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An old axiom quotes that “it is not the size of the dog in the fight; it’s the size of the fight in the dog that counts”.
In times gone past the Wallabies had celebrated hard men that left no quarter in the battle.
Who will forget Wallabies like Steve Finnane, Tony Shaw, Sam Scott-Young – to name but a few. These hard men set the tone for the match and imposed themselves in such a way that ensured the Wallabies received front-foot-ball, maximising the opportunities for the backs.
Much comment has been made about the expected brutal contest between the Wallabies and the Lions. The tacit implication is that the most brutal team will win.
So how will this translate to the current crop of Wallabies? Especially since the game has now been sanitised with the banning of rucking and referees now enforcing yellow or red cards for punches thrown while having the aid of the TMO to further analyse “rough” play. How dirty can play get?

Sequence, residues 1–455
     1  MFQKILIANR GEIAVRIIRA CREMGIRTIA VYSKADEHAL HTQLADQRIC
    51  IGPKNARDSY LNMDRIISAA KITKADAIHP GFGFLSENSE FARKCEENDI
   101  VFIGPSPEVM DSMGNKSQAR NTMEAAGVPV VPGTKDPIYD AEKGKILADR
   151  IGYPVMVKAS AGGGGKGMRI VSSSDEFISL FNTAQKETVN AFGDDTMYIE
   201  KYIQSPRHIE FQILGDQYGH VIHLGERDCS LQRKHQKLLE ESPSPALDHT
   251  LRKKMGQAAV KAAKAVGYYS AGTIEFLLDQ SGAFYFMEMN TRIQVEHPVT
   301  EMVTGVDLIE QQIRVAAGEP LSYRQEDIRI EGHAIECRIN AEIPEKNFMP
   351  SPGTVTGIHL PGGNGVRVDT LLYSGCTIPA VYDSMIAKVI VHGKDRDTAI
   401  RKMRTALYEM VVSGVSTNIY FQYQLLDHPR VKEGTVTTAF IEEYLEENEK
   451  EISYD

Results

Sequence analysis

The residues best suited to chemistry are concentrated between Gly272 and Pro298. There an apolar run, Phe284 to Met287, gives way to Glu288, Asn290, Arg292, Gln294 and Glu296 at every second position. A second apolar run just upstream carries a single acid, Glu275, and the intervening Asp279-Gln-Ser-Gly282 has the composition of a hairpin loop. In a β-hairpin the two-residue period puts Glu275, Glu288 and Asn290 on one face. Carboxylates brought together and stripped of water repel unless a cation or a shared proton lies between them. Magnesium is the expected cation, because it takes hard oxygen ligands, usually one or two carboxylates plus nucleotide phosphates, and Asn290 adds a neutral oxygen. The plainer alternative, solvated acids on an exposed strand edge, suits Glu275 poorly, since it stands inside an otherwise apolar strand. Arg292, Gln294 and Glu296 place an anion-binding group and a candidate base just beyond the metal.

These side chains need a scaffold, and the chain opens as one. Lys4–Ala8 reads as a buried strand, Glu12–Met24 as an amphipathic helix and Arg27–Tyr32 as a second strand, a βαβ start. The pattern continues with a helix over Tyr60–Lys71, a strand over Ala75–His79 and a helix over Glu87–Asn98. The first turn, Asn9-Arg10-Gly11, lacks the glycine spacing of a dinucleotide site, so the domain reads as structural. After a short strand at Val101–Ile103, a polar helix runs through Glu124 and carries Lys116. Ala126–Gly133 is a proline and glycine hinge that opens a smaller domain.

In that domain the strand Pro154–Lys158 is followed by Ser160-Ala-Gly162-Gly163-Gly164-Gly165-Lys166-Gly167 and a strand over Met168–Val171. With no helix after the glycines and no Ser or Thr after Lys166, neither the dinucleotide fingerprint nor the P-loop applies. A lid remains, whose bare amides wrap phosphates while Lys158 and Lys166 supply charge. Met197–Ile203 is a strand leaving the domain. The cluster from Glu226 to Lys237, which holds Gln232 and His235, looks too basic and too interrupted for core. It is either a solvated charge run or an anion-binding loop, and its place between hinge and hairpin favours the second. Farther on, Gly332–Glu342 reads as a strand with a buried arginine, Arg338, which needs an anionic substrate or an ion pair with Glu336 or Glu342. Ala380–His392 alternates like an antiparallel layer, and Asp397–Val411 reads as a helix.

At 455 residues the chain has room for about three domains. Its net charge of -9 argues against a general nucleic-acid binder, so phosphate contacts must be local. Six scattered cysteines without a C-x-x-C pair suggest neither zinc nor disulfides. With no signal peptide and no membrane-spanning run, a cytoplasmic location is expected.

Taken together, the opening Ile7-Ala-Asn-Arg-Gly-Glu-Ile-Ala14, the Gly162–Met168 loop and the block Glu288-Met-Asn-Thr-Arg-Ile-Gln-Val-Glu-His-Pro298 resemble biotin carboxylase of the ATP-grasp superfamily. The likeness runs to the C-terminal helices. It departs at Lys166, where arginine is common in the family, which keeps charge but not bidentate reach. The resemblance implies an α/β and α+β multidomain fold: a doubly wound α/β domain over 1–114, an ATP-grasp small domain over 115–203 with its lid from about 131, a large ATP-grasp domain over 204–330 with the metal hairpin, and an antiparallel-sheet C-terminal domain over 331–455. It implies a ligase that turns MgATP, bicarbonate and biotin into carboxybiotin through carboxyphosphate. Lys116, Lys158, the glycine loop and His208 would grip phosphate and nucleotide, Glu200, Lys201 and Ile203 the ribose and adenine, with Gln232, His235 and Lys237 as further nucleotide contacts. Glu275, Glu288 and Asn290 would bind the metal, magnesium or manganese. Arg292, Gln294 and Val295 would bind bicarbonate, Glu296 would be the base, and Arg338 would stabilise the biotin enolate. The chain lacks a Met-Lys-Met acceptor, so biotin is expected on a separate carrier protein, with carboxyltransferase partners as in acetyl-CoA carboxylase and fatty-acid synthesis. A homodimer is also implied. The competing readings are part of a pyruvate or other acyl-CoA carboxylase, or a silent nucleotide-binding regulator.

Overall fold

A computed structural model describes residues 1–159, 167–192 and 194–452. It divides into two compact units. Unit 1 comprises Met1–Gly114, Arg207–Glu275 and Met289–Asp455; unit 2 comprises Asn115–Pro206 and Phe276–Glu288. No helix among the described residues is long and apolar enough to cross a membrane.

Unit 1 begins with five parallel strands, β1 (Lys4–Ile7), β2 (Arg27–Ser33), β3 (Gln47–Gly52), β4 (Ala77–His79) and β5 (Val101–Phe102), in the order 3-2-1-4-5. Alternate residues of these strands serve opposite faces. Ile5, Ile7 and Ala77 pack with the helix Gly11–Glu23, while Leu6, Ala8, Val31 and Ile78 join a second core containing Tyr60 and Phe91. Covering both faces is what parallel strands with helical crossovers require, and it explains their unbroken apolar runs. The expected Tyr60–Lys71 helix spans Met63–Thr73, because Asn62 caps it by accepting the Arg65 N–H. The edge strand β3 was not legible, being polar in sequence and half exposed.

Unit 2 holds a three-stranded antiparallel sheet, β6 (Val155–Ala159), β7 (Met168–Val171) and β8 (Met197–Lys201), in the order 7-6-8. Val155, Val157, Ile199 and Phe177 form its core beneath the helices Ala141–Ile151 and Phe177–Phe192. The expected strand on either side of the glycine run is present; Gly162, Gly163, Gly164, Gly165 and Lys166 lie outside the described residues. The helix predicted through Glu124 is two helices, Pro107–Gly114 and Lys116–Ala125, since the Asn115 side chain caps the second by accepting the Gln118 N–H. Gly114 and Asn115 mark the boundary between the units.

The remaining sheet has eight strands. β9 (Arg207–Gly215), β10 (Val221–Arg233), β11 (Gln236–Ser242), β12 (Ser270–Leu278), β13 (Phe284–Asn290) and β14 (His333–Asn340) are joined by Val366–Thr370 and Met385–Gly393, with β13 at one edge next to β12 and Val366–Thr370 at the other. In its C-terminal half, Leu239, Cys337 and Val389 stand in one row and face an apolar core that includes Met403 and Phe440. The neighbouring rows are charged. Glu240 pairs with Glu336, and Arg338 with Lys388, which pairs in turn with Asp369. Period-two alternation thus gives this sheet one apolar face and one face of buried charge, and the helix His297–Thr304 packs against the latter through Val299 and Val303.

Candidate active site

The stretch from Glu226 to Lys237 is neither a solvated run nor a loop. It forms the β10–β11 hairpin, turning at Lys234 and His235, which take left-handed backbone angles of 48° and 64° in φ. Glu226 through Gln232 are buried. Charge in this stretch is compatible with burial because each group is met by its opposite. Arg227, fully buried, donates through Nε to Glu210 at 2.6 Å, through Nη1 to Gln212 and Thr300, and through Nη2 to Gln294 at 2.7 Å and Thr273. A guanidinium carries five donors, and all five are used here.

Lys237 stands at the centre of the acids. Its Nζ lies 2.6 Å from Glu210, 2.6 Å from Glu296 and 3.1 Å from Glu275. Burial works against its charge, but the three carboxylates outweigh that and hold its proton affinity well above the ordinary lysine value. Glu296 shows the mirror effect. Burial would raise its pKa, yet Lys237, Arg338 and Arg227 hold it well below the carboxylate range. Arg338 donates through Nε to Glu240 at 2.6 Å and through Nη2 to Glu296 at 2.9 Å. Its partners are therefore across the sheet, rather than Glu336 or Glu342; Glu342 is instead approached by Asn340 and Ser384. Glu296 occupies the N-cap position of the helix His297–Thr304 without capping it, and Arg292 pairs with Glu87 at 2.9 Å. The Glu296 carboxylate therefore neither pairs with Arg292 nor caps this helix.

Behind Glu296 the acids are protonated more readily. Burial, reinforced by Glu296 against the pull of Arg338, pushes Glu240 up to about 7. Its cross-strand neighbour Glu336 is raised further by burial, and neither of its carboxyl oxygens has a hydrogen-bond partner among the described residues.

No doubt the likes of James Horwill, Rob Simmons and Kane Douglas will fire up to impose themselves on the game.
It will be interesting to see if noted hard man Hugh McMeniman, who is coming back from injury, makes the cut. No doubt Robbie Deans is sweating on the abrasive Scott Higginbotham to be fit – even if chances are slim.
As always it will come down to Wallaby front row – Saia Fainga’a plays a similar brutal game as Tatafu Polota-Nau and should be the starting No 2. Robinson and Slipper both need to fire up to meet the challenge coming their way. Tough and aggressive Paddy Ryan should be on the bench ready to launch himself into fire.
It’s about invoking the spirit of the Australian diggers – meeting them head on and not giving an inch.